Clark said road-pricing programs, especially any implemented in D.C., must be carefully designed with “thoughtful” pricing structures, which may provide targeted exemptions to ensure low-income families in D.C. are not penalized by needing to pay. Clark said road pricing can potentially mitigate existing health inequalities like air quality disparities by improving street safety and public transportation, which would decrease air pollution in low-income regions.

Experts in transportation policy and urban planning said road pricing is a helpful policy tool to improve public health outcomes in cities.

Jonathan Hall, an associate professor of economics and real estate at the University of Alabama, said the biggest benefit of road pricing is the time it saves drivers because it encourages people to use other methods of transportation beyond cars, like public transportation. He said that while there would be visible improvements in air quality, the driving time improvements would be the most prominent perk of road pricing in the eyes of drivers.

“If you put a cordon toll around D.C., a bunch of people who currently drive switch to public transportation and stop driving,” Hall said.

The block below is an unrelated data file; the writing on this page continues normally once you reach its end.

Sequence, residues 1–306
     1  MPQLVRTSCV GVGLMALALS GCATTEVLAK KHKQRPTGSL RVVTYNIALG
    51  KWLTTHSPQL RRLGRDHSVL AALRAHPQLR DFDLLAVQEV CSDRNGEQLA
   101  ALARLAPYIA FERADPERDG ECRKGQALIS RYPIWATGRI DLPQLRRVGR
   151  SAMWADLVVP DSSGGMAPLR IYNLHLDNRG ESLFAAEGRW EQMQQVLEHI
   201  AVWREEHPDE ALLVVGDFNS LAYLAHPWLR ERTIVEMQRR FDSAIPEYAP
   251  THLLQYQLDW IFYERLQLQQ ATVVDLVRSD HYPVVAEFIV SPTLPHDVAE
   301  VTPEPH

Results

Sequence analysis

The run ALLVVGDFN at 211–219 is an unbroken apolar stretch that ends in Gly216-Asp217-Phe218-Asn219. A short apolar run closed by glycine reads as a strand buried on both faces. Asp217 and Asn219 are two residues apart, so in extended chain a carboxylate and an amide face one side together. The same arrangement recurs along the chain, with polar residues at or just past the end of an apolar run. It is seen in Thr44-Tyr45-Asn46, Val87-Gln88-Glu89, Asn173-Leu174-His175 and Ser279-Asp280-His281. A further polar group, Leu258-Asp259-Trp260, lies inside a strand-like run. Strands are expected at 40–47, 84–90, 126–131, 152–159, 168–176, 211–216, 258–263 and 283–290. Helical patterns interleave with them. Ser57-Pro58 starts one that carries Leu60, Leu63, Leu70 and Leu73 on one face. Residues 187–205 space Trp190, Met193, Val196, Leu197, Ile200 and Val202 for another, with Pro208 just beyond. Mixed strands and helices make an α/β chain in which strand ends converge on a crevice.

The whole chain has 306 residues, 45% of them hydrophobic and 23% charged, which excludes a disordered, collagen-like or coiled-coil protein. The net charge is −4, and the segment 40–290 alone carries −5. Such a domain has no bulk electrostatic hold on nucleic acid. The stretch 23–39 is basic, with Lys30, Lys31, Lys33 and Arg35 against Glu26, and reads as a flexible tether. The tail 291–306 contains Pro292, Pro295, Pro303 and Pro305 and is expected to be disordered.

Hall said he is unsure whether road pricing would decrease traffic violence, with drivers possessing a natural inclination to speed, which was seen during the pandemic when drivers felt more inclined to speed when there was less traffic.

Emilia Simeonova, a professor at the Johns Hopkins Carey Business School and a co-author of a widely cited paper from March 2018 studying the influence of congestion pricing on Stockholm, said she found that road pricing reduced ambient air pollution by 5 to 15 percent, which in turn lowered acute asthma attacks among young children. Given that Stockholm is not considered a highly polluted city compared to those in the U.S., Simeonova said the health benefits she and her co-authors discovered have a good chance of being replicated in cities like D.C.